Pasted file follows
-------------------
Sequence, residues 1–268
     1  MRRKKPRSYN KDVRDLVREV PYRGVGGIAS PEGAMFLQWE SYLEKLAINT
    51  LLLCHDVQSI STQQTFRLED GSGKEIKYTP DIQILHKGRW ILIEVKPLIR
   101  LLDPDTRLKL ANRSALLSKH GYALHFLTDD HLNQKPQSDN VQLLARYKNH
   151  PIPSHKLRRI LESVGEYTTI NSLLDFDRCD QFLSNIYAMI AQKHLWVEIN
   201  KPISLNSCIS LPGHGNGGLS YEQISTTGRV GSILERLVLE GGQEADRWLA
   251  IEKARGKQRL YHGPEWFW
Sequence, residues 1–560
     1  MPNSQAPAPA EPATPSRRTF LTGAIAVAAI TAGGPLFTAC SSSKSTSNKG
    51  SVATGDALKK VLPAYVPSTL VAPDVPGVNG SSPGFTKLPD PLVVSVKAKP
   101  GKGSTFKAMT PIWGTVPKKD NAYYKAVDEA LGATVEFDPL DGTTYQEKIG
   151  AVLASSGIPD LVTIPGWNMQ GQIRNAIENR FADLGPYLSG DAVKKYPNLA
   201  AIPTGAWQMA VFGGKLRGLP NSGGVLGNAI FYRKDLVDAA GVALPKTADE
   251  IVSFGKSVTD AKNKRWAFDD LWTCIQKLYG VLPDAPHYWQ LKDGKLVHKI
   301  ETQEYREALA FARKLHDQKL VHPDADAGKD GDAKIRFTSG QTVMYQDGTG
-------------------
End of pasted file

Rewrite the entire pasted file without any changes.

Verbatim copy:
Sequence, residues 1–268
     1  MRRKKPRSYN KDVRDLVREV PYRGVGGIAS PEGAMFLQWE SYLEKLAINT
    51  LLLCHDVQSI STQQTFRLED GSGKEIKYTP DIQILHKGRW ILIEVKPLIR
   101  LLDPDTRLKL ANRSALLSKH GYALHFLTDD HLNQKPQSDN VQLLARYKNH
   151  PIPSHKLRRI LESVGEYTTI NSLLDFDRCD QFLSNIYAMI AQKHLWVEIN
   201  KPISLNSCIS LPGHGNGGLS YEQISTTGRV GSILERLVLE GGQEADRWLA
   251  IEKARGKQRL YHGPEWFW
Sequence, residues 1–560
     1  MPNSQAPAPA EPATPSRRTF LTGAIAVAAI TAGGPLFTAC SSSKSTSNKG
    51  SVATGDALKK VLPAYVPSTL VAPDVPGVNG SSPGFTKLPD PLVVSVKAKP
   101  GKGSTFKAMT PIWGTVPKKD NAYYKAVDEA LGATVEFDPL DGTTYQEKIG
   151  AVLASSGIPD LVTIPGWNMQ GQIRNAIENR FADLGPYLSG DAVKKYPNLA
   201  AIPTGAWQMA VFGGKLRGLP NSGGVLGNAI FYRKDLVDAA GVALPKTADE
   251  IVSFGKSVTD AKNKRWAFDD LWTCIQKLYG VLPDAPHYWQ LKDGKLVHKI
   301  ETQEYREALA FARKLHDQKL VHPDADAGKD GDAKIRFTSG QTVMYQDGTG